The best of enemies: black and white race relations portrayed in shades of grey

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Based on a true story, The best of enemies centres on the unlikely relationship between Ann Atwater, an outspoken civil rights activist, and CP Ellis, a local Ku Klux Klan leader who reluctantly co-chaired a community summit, battling over the desegregation of schools in Durham, North Carolina, during the racially charged summer of 1971. The incredible events that unfolded would change Durham and the lives of Atwater and Ellis forever.

The best of enemies has the best of intentions, but they’re derailed by a problematic perspective and a disappointing lack of insight.” That is the consensus on www.rottentomatoes.com, which gives the film a lowly 54%. I read every “top critic” review on the site, and here’s my take. This film is not judged on its movie merits, but on its supposedly “problematic” view on race relations (as other utterly awful films have been awarded near cult status over their more popular perspectives).

Very little is written about the actual ingredients that make for a good movie, ingredients which The best of enemies has in spades. The styling is flawless, from Ann’s low-slung bosom to CP’s pants riding up over his hips. The slow tracking shots hold you, and the colour grading perfectly recreates the ’70s. The acting is superb all round. The music is carefully selected, not to overwhelm, but to add to scenes – look out for the lyrical Roy Orbison track lending an even more haunting feel to the Klan shooting up some girl’s house. There are very few unnecessary scenes in the 132 running minutes. The slow pace gives you time to get to know the characters (in varying degrees), but is never ever boring.

Both CP Ellis and Ann Atwood are portrayed as violent, crazy and hateful, at times. They are also portrayed as being capable of enormous tenderness and empathy towards others. CP’s treatment of his mentally disabled son will move you, as will Ann’s battle to find a school for her daughter. They are flawed, and ultimately nuanced, characters, something which some critics believe a white supremacist should not be afforded. (Three billboards outside Ebbing, Missouri was criticised for the same treatment of Officer Jason Dixon.) Of course, CP is the racist bigot who needs to undergo the biggest change, versus Ann just needing to communicate better. Thus, the film focuses more on CP, apparently another faux pas.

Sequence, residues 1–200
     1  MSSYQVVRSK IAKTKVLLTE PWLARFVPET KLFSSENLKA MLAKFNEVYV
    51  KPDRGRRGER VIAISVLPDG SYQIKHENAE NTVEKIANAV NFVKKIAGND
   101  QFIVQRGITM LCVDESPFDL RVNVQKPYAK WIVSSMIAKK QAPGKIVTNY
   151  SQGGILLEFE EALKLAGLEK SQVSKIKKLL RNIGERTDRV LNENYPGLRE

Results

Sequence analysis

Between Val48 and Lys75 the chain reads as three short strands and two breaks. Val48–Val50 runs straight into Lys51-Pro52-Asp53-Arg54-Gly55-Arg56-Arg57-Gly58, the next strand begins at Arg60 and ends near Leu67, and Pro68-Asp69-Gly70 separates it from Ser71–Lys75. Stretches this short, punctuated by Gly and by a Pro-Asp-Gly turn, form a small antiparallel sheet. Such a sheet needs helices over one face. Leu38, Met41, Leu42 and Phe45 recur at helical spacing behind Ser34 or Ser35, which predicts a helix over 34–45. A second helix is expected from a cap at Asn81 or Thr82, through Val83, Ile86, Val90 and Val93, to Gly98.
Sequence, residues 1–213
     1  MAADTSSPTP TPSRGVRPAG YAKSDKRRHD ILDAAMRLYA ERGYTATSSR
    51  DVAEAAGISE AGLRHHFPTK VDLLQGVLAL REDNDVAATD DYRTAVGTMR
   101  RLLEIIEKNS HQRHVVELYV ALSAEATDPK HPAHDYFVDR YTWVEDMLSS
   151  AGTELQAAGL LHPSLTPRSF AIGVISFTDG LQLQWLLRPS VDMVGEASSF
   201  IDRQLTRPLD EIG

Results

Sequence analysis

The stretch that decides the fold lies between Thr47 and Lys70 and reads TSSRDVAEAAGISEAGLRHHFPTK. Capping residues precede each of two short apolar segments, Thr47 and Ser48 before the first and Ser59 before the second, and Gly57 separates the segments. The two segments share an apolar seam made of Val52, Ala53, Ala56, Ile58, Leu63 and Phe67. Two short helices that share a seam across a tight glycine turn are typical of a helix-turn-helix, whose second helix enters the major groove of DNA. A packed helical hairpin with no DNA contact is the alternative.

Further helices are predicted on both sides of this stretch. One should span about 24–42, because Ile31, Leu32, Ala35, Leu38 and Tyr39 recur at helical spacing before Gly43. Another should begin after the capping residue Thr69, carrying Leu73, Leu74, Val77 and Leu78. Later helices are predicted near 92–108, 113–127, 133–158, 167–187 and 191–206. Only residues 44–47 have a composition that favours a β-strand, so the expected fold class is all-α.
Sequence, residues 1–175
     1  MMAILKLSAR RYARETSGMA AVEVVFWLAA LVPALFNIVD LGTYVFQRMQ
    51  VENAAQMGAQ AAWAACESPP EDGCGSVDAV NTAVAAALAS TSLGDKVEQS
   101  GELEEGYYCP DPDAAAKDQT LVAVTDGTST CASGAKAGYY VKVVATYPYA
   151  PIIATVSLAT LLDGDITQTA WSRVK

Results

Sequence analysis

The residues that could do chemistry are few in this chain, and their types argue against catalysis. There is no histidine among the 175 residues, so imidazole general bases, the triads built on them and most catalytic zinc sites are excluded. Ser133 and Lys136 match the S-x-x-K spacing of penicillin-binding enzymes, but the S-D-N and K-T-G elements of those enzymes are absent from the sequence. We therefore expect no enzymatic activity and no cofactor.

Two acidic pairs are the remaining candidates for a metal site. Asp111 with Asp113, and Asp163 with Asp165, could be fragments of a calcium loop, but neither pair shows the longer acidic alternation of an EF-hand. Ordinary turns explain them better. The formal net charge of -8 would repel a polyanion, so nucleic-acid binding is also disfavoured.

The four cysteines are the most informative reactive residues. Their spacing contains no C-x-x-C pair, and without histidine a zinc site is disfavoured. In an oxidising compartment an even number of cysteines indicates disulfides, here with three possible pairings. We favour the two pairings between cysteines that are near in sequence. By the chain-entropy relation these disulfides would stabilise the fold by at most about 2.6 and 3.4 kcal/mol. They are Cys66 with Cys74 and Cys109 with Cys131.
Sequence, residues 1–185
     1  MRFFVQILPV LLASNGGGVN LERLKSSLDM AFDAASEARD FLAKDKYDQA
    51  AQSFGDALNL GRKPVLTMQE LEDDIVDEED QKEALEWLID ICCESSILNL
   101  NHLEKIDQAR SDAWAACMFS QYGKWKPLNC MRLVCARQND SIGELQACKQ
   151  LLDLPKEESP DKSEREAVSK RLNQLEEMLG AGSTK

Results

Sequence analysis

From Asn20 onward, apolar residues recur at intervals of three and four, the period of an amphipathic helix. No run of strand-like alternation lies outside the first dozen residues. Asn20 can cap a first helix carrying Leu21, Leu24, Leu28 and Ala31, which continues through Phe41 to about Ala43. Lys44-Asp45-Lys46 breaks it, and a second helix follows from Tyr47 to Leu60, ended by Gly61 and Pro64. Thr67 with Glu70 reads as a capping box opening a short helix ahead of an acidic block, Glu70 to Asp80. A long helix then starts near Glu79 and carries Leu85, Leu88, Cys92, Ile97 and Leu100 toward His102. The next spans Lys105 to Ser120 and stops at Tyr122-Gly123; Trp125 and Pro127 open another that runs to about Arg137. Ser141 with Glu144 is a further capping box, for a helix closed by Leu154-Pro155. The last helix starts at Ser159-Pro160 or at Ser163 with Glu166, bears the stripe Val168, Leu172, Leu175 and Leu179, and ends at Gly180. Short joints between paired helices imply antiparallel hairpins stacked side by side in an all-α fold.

As James Berardinelli of Reelviews notes, you could go the “Spike Lee route”, and make a raw, in-your-face, blood-and-guts film about race relations. There’s nothing wrong with that. Jungle fever (1991) and American history X (1998) haunt me to this day. But isn’t there room for a different approach? One that allows for some subtlety, even a bit of humour? The best of enemies is at its strongest in the subtle moments. When Ann needs to replace the infamous Klan hoodie on a doll, the vulnerability and horror she displays are gut-wrenching. When Ann introduces her young daughter to CP, the daughter shows a similar vulnerability and horror when she realises who he is.

One of the subtlest and strongest moments comes in the form of a conversation between Ann and CP’s wife, Mary (Anne Heche). Larry, their disabled son, is given a roommate, and he freaks out. CP cannot afford to move him to a private room. Ann pulls a few strings and makes it happen. Mary pays her a visit to say thank you. As she leaves, she turns and says to Ann, “CP is doing his best.” The age-old excuse. From Ann’s expression, it is clear that “his best” is not good enough, and it won’t placate Ann. Yet, Ann has the grace to let it go.

Ann might have less screen time than CP, but Taraji P Henson owns every centimetre of it when she is on camera. There is a particularly poignant scene where she comes home, puts down her bag, fetches sweet tea from the fridge and sits down at the kitchen table. The camera follows her from a distance, and she sits down with her back to it. The camera slowly circles around her to show tears quietly streaming down her face. The scene of this powerful, loud, “rough house” Annie, as she was called, sitting and letting it all get to her, is more powerful than some in-your-face, blood-and-guts sequences I have seen.

The best of enemies is not a brilliant film, it is not a ground-breaking film, but it does not deserve to be tanked, either. Sure, the writer/director took some creative licence with the story; the end is too neat, and even borders on being a tad schmaltzy, but it is still a solid effort. I will give it a 7/10. It is thoughtful, it is funny and it does not shy away from cold-hearted bigotry.

CP and Ann became friends and toured universities to tell others of their joint experience. Their friendship spanned 30 years, until CP’s death in 2015. Guess who gave the eulogy?

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